For the most part, I like three of the four seasons in my part of the planet. Winter is awesome with regenerating rainfall and cold weather which makes me happy. Spring is great with wildflower blooms so I can practice plant identification and retain my botany skills. Summer is miserable for me since it is too bleeping hot, thus it's the one season I like NOT at all. And fall brings with it the gathering of harvests and more importantly it is when thousands of acorns drop from the oaks.
I am always inspired and feel a certain reverence when I walk beneath a 300-year old valley oak tree (Quercus lobata), and I remember that it began from a two inch long acorn, century's ago. What did the landscape look like back then? Those are oaken memories that can never be answered exactly. And if you could not tell already, oaks are my favorite trees. Here is a valley oak near where I live. We are lucky there are some ancient specimens that I can take the kids to see. This one has a trunk that is approaching fifteen feet in circumference. It's a grand tree and makes acorns I call "lunkers" because they are so big and heavy.
Acorns consist of high energy packed in a tough but smooth shell, pointy on one end and rounded on the other. It feels great to hold a few acorns in your hand and roll them around against each other. Acorns are gorgeous in their simplicity and can withstanding the fall from as high as 50 or 60 feet without breaking. And all the animals want them: squirrels, birds, deer, pigs and even humans.
OK, so here is the important part: The fun my kids had collecting acorns today was priceless and FREE. The basic recipe for hatching an oak tree as is follows:
1. Assemble children in vehicle and drive to nearby oak groves in your area. You may have to do some homework first to know where to go before dragging kids on wild goose chase for acorns.
2. Arm children with baggies and walk them under said oak trees and show them the acorns. They will instinctively want to gather these. Point out rotten ones or ones with holes as bad. Do not collect these ones.
3. Bring acorns home. Count with children for fun and practice. Using tougher freezer type zip lock baggy, empty acorns and some wood shavings together with a light dousing of water. ONLY LIGHTLY moisten the shavings. A small bag of rodent bedding from local pet store works fine (OK. This project is almost free). DO NOT SOAK. To much water will rot the acorns and shavings. Do not totally close seal on bag. Air exchange must be able to occur. As I plan to plant several hundred oaks this winter these are the gallon size bags. Whatever the size baggy or number of acorns, it should look kind of like this:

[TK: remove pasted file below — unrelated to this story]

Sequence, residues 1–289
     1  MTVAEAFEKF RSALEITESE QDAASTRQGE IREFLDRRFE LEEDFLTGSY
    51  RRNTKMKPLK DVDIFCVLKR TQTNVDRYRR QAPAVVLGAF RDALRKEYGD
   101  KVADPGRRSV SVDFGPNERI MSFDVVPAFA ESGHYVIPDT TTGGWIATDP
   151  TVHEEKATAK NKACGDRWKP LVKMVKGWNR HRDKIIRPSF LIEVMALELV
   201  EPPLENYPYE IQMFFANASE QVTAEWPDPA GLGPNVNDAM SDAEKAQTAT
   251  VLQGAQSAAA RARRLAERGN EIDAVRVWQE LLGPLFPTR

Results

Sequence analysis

4. Place baggy in bottom of refrigerator. The cold stratification speeds up germination. Check bag every few weeks with kids so they can see the emergence of a long white root. When roots are about one to two inches long, transplant into small pot to plant later or directly into ground (better choice of two) with your children.
5. To prepare ground: Dig one foot wide by two feet deep hole to loosen soils. Back fill hole without packing dirt. Make a shallow basin or bowl piling extra dirt around edges. Carefully place acorn with root down, into soil about 1/2 inch. Gently push acorn into soils packing lightly so acorn is firmly in the earth. Acorn should just be visible. If varmints are a problem protect using wire caging below and/or above ground. Option: plant two or three acorns in your hole. If all grow well then cull two of three. **Choose location for planting carefully since these trees will be here decades if not centuries after we are gone.**
6. By early spring you should have a shoot and leaves growing from your acorn. Have kids monitor growth, maybe measure weekly and do leaf counts. Watering of tree will depend upon your specific area. When planted as acorns many oak do not require water, so use common sense judgment. I always water at initial planting and every two to three weeks depending upon rainfall.
I have in some years donated the acorns I germinated to local restoration groups to be planted in preserves. I bet schools would also be happy for sapling tree donations. Additionally, a great resource on oaks in my state is Oaks of California, Pavlik et. all. It provides a description with pictures of all the species in our state, life history, Native American use of oaks and much more. I am certain there are many state specific books to help identify species and biology in other regions of the county.
I hope this inspires someone. Good luck and go hatch an oak tree this fall.
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